Ali Fazeli Super Bowl Ticket Scam

Ali Fazeli Receives 18-Month Sentence in Super Bowl Ticket Scam

A former frequent participant in the $25,000 “high roller” tourneys at Las Vegas’s Aria Resort & Casino, Ali Fazeli, has been sentenced to 18 months in prison for orchestrating a sports-event ticket reselling scam that bilked roughly $6.2 million from approximately six people that invested into his would-be ticket reselling business. The known victims of Fazeli’s failed scheme included three well-known poker pros, Erik Seidel, John Juanda and Zachary Clark.

According to California-based court reports, Fazeli, 49, whose full name is Seyed Reza Ali Fazeli, 49, was sentenced by U.S. District Judge David O. Carter on Wednesday to the 18-month sentence. In addition to the term, Fazeli was also ordered to $7.5 million in restitution to his victims, though as is typical in this sort of case his ability to repay the bilked investments remains in question. Fazeli, of Aliso Viejo, CA, will also have to serve an additional six months of home confinement once he’s released from federal custody.

Ali Fazeli (Source: WSOP)

According to court documents, Ali Fazeli raised the $6.2 million, largely in 2015 and 2016, from two groups of gambling-world associates whom he convinced to invest in his ticket-reselling enterprise, called Summit Entertainment. His business agenda was to invest in large quantities of tickets for such high-demand sporting events as the NFL’s Super Bowl and the World Cup. However, Fazeli learned at some point (likely in 2016) that his planned scheme for obtaining large quantities of NFL tickets was against NFL rules, and instead of returning the $6.2 million to his investors, he eventually squandered the money on other items, including the frequent $25,000 small-field events at the Aria. Fazeli played in and cashed in numerous of those Aria events through the end of 2016, until his fraud crashed to earth and his funds ran dry.

Fazeli pled guilty to a single count of wire fraud last July in connection with the affair. He was originally charged with two such counts, but even under the single count to which he pled out, faced a possible 20-year-maximum prison sentence and a fine of $250,000 plus double the gains of his fraud, which in total could have topped $12.5 million. Both last year’s plea deal and yesterday’s sentencing occurred in the US District Court for the Central District of California, in Santa Ana.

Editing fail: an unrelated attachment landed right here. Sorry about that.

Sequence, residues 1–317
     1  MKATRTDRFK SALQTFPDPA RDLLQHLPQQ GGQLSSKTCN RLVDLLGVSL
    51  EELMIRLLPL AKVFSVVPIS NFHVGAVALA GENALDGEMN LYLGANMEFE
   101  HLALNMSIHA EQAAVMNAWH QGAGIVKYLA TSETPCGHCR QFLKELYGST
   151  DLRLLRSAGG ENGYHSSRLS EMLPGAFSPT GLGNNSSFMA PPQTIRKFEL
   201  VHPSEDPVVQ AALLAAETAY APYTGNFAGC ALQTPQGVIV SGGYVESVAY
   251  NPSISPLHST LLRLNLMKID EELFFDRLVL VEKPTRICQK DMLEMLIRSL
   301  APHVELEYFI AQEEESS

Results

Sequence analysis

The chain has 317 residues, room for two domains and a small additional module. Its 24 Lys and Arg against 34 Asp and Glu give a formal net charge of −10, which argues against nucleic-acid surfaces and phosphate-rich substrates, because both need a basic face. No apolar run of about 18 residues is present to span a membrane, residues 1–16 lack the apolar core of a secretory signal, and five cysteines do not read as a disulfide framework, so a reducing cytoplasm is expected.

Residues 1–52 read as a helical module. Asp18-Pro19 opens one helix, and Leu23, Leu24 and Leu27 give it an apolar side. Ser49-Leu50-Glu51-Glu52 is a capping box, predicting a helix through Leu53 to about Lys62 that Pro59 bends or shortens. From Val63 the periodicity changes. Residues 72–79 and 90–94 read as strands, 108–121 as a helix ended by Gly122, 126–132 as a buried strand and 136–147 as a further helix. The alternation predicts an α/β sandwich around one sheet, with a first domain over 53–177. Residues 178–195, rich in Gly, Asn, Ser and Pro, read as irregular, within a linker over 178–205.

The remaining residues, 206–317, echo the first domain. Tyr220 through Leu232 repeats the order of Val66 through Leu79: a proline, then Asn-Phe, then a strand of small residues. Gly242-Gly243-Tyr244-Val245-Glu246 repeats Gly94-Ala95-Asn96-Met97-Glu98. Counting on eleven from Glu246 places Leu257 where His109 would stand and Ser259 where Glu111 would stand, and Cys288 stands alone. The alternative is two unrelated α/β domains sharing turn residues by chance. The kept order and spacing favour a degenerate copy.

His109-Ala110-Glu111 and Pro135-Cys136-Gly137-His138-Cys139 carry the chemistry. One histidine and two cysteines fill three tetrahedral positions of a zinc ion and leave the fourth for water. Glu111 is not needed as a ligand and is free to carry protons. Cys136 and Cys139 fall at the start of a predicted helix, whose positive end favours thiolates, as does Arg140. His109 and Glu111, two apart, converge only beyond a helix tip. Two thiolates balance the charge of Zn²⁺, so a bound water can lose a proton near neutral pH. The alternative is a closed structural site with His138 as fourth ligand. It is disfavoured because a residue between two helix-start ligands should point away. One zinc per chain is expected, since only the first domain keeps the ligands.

The three prominent pros identified as victims of the scheme — Seidel, Juanda, and Clark — each came to public notice after filing a civil lawsuit in Nevada in an effort to recover their investments. All three are believed to have been befriended by Fazeli at the Aria high-roller events. Seidel and Clark each invested $500,000 into Fazeli’s “Summit Entertainment” concept — though how rigorous and diligence their research was into Fazeli’s proposed startup was never publicly revealed. The NFL generally forbids unofficial, third-party “scalping” (reselling of tickets to its games, so the concept was likely dead on arrival. Instead, as publicized as part of the criminal complaint against Fazeli, he “falsely told the victims that the ticket sales did not go well because the NFL prohibited their resale and that he was working on a settlement with the NFL,” a liberal reworking of the reality of the situation.

Court documents identified none of Fazeli’s other three (or more victims), but one of them, a California man named Stephen Moreschi, also became known through his filing of a civil action against Fazeli. In addition to the civil claims from his victims, the Aria itself filed an action against Ali Fazeli (also known as Sayed Faeli) over unpaid casino markers. Those markers likely were incurred in 2017 when Fazeli’s earlier stretch of gambling run-good dried up and the last of his ill-gotten millions ran out. The criminal complaint alleged that his victims wired the investment funds to him in 2016 and up to May of 2017, when the whole thing began to fall apart.

According to one LA-based report, Fazeli’s admission of guilt upon acceptance of sentencing included his statement that it “makes me sick to my stomach to think how much I’ve violated the law and disgraced my family.”

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